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Tips on Shaping Your Harmonics with Cobalt Saphira

Aug 11, 2015

Get useful tips on how to add depth and detail to your mixes by adding odd and even harmonics and sculpting their sound with the Cobalt Saphira plugin.

Adding harmonic distortion to signals can produce very musical results and create a sense of richness and depth. But it could also add unwanted artifacts. With most harmonic enhancement tools, you either like what the tool does or you don’t, and you can apply more or less of it. Cobalt Saphira is different. With this plugin, you can separately shape and control the many different aspects of the harmonics you are adding.

Adding Even and Odd Harmonics

There are two types of harmonics, even and odd. Most harmonic enhancement tools won’t let you pick and choose which you are adding—it’s all or nothing. You will have to take the whole package or skip it entirely.

Sometimes, however, adding only odd or only even harmonics will be more complimentary to your sound. For example, adding only odd harmonics to a piano will make it sound richer and emphasize the notes being played. Adding only (and lots of) even harmonics to a snare drum will give it more bite and help it cut through the mix.

With Cobalt Saphira, you can easily add only one type of harmonics, or the exact blend of even and odd harmonics that you want.

Adding even harmonics: Using the Edge controls to add even harmonics will make your signal sound compressed in a very unique way. Bring the Edge Send control all the way up, and you will hear the sound being compressed in a very natural way. Now use the Edge Return control to decide how much of the effect you want.

Adding odd harmonics: Adding odd harmonics tends to also increase the fundamental frequency. This is why manipulating the odd harmonics (using Cobalt Saphira’s Warmth controls) will change your sound more noticeably than manipulating the even harmonics.

EQing Your Harmonics

Sometimes you want to emphasize only a certain range of a complex signal. Cobalt Saphira features a 4-band EQ section that lets you separately manipulate only particular frequencies of the added harmonics, without touching the source and without affecting the other frequencies of the harmonics you are adding.

Use the low-pass and high-pass filters together to create a band pass around the area you want to emphasize. Playing with the harmonic levels will now be much easier and will not change the character of the signal outside of the chosen frequency range.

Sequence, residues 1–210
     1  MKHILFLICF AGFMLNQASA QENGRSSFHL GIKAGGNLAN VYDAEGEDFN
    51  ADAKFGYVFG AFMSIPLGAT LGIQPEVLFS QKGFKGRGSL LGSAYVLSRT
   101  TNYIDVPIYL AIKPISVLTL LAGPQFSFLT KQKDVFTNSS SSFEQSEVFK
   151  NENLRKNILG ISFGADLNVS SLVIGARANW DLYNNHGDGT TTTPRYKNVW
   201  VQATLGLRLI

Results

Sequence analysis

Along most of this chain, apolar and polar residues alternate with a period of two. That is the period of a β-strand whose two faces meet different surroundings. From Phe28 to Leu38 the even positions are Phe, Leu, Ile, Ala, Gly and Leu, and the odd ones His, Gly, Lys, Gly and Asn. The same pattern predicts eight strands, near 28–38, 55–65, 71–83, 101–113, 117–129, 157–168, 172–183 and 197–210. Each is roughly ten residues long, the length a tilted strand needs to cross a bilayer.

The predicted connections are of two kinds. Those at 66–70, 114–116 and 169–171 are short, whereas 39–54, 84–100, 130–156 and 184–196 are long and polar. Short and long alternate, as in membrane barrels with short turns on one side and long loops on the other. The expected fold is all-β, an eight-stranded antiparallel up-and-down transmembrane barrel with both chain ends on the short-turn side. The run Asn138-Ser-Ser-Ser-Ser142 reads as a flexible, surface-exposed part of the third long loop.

Treating low-frequency harmonics: Sub frequencies are usually less happy when they are distorted—they tend to lose their roundness and silkiness. Tweaking Cobalt Saphira’s EQ section and applying the high-pass filter will keep your sub frequencies round and silky, and will also add bite and character to the upper part of the signal.

Shaping low-mid harmonics: Shaping your low-mid harmonics is an art in and of itself. Doing it right will ensure that you add to your mix the warmth, depth and detail it needs. With Cobalt Saphira you can carve out the low-mids to do exactly that.

Adding high-frequency harmonics: When you add a lot of harmonic distortion to a complex signal, the high frequencies tend to become very “hairy” and unpleasant. A common practice it to apply a low-pass filter and eliminate them. With Cobalt Saphira you have full control over the cutoff/ filter type and the precise amount of high frequencies that you remove.

Choosing a Harmonics Mode

Harmonics Modes A, B and D are more natural-sounding, Mode C is great for punch, while Modes E, F and G are dirtier and can get you very creative sounds.

If you feel that the harmonics you’re adding are smearing your signal (which tends to happens on drum hits or on instruments playing brief staccato notes), use harmonics modes with just first-order harmonics (Mode C) or just first- and second-order harmonics (Mode A).

Choosing a Tape Speed

Use the Tape feature to get some movement and depth. The higher the Tape Speed, the less audible the effect. Slow speeds are good for low-frequency content. 15 ips and 22.25 ips are great for entire mixes. If you’d like to add some very mild movement to the song, bring Depth all the way up, pick the least audible speed setting, and back off until you don’t quite hear the modulations.